Coal used for power generation has been the cornerstone of economic development, social progress, and a higher quality of life around the globe and is now fueling the 21st-century economic miracle rapidly unfolding in China. Meanwhile, China is leading the world in coal-fired plant efficiency and the deployment of clean coal technologies.
Over the past 20 years, coal has increased its share of China’s total power generation from 72% to 80%, providing electricity for the first time to more than 500 million people. China’s electrification rate is now 99%, compared to less than 60% in 1990, while annual per capita consumption has soared from 500 kWh to 2,900 kWh. China more than tripled its share of global coal-based generation from 11% in 1990 (471 TWh) to 37% in 2011 (3,170 TWh). The economic benefits for the Asian nation are obvious. For example, the World Bank’s Human Development Indicators show that around 85% of the global population that rose out of poverty since 1990 was Chinese.
As the world strives to eliminate energy poverty while simultaneously meeting rising demand, China’s unprecedented progress has set an example. Consider projections of future generation sources made by the International Energy Agency’s (IEA’s) World Energy Model and the U.S. Energy Information Administration’s (EIA’s) National Energy Modeling System (Figure 1). The bulk of new demand will occur in the developing world, where massive amounts of affordable and reliable power are required to lift hundreds of millions into the modern age. In short, the world will continue to use coal, and consumption will significantly expand for decades to come.
|1. Different projections. Reference scenarios for incremental sources of electricity for China through 2030 differ but agree that coal will remain a major player. The International Energy Agency’s World Energy Outlook 2011 numbers are shown on the left, and U.S. Energy Information Administration’s International Energy Outlook 2011 numbers are shown on the right. Sources: IEA, EIA|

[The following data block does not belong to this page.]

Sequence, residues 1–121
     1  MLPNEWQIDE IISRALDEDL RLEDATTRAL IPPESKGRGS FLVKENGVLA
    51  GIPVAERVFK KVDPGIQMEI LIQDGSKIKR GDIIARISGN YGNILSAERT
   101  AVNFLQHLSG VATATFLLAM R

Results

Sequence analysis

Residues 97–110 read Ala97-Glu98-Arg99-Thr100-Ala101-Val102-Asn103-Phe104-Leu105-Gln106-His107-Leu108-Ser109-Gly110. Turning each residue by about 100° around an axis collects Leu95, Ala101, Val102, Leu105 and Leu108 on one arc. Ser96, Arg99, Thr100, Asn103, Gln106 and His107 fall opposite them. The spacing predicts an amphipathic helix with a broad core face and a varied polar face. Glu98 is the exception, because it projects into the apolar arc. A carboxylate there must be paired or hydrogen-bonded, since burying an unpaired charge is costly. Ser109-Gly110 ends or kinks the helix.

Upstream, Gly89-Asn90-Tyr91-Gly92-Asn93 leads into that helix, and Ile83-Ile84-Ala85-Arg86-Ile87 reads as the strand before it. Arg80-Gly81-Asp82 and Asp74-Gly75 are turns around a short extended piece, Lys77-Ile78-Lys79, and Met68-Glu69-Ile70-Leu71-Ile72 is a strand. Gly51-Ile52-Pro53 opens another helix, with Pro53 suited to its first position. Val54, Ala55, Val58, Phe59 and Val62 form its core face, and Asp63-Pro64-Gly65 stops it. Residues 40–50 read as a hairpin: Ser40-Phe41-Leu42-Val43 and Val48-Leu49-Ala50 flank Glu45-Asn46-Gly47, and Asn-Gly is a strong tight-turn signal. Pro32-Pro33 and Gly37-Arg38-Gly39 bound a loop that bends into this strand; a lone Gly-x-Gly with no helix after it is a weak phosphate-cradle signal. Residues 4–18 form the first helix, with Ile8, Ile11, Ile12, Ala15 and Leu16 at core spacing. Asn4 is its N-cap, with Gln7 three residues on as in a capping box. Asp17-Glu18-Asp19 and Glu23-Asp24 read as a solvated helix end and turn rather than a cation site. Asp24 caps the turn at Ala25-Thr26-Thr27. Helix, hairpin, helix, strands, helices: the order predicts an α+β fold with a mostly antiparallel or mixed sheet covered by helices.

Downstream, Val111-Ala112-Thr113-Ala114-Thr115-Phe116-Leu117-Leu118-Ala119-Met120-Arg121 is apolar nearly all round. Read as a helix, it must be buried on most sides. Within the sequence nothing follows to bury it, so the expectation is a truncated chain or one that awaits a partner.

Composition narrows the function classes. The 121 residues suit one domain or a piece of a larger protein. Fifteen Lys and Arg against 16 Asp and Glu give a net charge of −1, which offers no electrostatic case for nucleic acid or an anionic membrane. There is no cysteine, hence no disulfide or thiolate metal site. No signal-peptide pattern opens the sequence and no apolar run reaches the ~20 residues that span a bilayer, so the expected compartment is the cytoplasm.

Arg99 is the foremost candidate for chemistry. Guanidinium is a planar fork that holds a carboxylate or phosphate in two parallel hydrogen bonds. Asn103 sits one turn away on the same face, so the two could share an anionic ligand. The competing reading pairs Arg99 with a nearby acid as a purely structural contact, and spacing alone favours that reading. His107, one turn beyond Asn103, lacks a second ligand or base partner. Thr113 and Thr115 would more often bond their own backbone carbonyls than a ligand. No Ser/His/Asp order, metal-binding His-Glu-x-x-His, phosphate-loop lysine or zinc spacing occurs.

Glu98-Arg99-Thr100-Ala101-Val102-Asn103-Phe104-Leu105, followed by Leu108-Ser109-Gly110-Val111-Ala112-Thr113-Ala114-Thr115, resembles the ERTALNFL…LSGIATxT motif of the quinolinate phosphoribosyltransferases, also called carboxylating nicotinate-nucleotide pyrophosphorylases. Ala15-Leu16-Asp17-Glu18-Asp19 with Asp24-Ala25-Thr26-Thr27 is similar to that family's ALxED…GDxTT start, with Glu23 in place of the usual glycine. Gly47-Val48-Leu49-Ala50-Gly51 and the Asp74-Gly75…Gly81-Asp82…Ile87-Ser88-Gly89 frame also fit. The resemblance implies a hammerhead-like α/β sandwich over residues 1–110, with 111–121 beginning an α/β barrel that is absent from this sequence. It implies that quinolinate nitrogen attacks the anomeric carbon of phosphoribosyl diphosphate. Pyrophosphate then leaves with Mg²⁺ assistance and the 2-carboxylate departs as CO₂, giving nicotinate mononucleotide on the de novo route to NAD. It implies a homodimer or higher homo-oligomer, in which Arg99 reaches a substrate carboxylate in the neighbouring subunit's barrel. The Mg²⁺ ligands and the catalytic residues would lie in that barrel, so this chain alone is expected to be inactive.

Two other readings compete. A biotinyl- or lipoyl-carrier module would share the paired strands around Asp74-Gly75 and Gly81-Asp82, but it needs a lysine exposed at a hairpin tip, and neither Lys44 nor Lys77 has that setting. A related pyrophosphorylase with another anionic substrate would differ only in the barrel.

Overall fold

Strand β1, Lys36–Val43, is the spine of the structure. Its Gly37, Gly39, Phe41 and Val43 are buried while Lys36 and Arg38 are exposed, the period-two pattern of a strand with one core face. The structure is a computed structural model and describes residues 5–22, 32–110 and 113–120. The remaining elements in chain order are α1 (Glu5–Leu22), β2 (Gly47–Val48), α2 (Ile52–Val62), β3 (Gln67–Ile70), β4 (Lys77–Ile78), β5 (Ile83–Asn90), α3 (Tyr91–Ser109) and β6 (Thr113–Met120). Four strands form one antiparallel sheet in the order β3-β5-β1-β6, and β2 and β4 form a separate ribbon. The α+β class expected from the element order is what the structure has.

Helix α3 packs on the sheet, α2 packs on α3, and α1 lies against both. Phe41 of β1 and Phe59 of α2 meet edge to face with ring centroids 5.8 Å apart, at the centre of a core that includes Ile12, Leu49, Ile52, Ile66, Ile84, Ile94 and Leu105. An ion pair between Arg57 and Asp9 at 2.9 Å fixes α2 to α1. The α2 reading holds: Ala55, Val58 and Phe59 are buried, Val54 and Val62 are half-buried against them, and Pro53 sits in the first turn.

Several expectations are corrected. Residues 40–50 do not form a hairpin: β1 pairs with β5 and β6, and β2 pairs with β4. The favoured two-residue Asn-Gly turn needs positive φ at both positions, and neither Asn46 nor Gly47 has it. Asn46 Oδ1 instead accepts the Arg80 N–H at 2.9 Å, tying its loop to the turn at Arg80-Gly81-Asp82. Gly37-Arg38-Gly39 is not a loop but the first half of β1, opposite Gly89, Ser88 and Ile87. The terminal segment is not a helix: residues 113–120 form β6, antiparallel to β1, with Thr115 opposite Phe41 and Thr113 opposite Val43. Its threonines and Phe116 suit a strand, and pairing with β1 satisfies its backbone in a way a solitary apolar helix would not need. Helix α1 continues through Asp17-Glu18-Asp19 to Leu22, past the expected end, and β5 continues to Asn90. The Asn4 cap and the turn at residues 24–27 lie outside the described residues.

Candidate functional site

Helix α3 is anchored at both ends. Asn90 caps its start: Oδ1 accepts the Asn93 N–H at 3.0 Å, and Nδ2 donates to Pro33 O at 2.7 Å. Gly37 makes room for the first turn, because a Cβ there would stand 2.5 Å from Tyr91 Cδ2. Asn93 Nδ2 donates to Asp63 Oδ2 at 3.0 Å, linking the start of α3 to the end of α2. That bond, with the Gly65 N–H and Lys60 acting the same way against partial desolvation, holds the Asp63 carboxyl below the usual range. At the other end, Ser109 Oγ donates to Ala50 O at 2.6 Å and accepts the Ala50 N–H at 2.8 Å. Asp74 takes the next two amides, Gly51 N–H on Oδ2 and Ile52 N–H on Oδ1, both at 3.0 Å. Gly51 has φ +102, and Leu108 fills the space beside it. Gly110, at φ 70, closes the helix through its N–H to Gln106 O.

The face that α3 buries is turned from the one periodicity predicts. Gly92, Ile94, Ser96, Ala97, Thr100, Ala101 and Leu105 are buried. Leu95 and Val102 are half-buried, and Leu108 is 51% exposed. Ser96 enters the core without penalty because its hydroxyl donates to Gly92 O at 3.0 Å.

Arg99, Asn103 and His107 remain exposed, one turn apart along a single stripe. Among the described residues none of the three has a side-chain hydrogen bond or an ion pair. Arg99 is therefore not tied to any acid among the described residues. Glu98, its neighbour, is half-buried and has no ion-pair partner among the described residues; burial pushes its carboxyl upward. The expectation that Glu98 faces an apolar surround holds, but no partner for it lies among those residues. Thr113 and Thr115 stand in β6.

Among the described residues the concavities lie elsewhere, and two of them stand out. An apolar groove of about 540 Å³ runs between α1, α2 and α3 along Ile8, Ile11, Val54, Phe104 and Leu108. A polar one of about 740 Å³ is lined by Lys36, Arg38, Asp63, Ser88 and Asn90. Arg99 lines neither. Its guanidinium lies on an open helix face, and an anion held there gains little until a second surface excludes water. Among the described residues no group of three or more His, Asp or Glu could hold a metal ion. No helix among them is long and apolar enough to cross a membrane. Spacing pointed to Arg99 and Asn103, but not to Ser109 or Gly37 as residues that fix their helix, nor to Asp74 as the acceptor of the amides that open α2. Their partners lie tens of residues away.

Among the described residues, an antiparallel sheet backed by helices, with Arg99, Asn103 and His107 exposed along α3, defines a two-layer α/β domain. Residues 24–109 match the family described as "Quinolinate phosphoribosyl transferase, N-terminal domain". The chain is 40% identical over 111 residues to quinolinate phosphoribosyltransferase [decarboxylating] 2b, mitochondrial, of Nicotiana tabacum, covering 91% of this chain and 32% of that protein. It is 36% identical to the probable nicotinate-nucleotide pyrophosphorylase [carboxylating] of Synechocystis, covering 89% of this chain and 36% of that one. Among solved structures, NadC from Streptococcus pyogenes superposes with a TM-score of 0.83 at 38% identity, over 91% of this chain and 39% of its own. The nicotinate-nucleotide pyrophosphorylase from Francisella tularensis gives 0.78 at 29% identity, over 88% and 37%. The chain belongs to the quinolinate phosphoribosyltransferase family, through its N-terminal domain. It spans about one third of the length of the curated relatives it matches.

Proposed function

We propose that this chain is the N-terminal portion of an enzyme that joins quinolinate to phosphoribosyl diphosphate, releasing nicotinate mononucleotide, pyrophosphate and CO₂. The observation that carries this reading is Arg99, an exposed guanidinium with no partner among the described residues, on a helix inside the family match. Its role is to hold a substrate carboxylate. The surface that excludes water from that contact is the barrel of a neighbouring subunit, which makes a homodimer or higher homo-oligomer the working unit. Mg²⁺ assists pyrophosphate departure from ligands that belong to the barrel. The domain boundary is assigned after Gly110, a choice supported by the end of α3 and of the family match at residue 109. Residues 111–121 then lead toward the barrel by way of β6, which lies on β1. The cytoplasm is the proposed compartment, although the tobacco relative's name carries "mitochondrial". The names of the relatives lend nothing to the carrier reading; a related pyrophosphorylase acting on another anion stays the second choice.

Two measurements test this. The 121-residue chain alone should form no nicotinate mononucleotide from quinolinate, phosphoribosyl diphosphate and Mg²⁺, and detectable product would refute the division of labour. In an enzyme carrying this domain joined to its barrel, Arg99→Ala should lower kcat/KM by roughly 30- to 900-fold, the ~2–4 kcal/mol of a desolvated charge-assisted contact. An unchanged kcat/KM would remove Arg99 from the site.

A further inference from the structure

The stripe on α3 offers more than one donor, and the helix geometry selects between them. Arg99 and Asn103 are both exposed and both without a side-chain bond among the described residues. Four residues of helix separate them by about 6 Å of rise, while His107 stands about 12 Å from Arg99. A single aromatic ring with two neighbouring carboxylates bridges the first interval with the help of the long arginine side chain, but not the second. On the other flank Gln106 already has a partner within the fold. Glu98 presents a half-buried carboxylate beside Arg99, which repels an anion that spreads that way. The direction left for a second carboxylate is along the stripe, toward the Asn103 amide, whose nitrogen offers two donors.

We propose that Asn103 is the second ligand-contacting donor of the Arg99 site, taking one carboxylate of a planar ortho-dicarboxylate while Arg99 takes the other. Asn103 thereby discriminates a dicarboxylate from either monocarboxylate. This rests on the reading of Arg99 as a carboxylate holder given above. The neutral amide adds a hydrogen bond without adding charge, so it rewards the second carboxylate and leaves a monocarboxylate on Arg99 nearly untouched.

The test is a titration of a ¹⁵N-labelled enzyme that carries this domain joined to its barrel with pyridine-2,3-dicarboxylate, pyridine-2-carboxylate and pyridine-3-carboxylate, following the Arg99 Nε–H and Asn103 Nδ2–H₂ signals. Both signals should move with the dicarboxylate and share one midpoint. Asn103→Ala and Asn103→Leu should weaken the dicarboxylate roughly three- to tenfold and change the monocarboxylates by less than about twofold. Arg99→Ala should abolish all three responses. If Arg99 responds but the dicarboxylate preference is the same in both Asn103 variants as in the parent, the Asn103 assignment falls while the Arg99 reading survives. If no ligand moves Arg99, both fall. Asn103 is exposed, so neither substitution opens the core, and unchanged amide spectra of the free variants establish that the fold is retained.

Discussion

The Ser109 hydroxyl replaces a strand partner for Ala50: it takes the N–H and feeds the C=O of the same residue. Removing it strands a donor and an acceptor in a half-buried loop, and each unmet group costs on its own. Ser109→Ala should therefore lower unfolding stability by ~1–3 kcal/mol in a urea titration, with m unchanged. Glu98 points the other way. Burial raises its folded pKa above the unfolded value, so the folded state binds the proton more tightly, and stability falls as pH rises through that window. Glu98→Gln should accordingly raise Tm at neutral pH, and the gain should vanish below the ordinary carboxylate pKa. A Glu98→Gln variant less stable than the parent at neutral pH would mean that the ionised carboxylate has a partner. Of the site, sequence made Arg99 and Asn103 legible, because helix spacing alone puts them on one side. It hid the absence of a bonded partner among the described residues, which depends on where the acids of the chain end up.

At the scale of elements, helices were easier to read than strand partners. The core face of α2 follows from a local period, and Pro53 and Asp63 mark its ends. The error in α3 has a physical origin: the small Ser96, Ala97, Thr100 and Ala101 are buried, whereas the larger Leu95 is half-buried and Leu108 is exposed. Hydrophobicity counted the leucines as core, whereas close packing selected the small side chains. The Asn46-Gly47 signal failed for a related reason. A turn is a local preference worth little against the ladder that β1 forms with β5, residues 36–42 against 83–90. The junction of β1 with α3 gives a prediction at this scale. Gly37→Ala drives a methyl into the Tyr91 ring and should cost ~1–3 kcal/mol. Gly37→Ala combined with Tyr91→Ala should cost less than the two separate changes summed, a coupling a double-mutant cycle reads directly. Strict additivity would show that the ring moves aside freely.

Clean coal technologies will be the means to meet both burgeoning global energy demand and climate policy goals. Some are expected to be deployable at scale in the early-2020s, while the evolving technology of carbon capture and storage (CCS) and near-zero emissions are expected to follow shortly thereafter. Until that time, highly efficient and large supercritical (SC) and ultrasupercritical (USC) coal plants can meet immediate needs while significantly reducing emissions intensity.
In fact, efficient plants are a prerequisite for retrofitting with CCS, because the capturing, transporting, and storing of a plant’s carbon dioxide (CO2) consumes energy. The teaming of higher efficiency coal-fired technologies and CCS will unlock the full value of coal. In this race, China enjoys a global lead.
China’s Clean Coal Technology Plans and Achievements
U.S. Secretary of Energy Steven Chu reports that advanced coal-based power plants are one of the seven energy arenas in which China is outpacing the U.S. Here are some of the ways in which China is leading the race.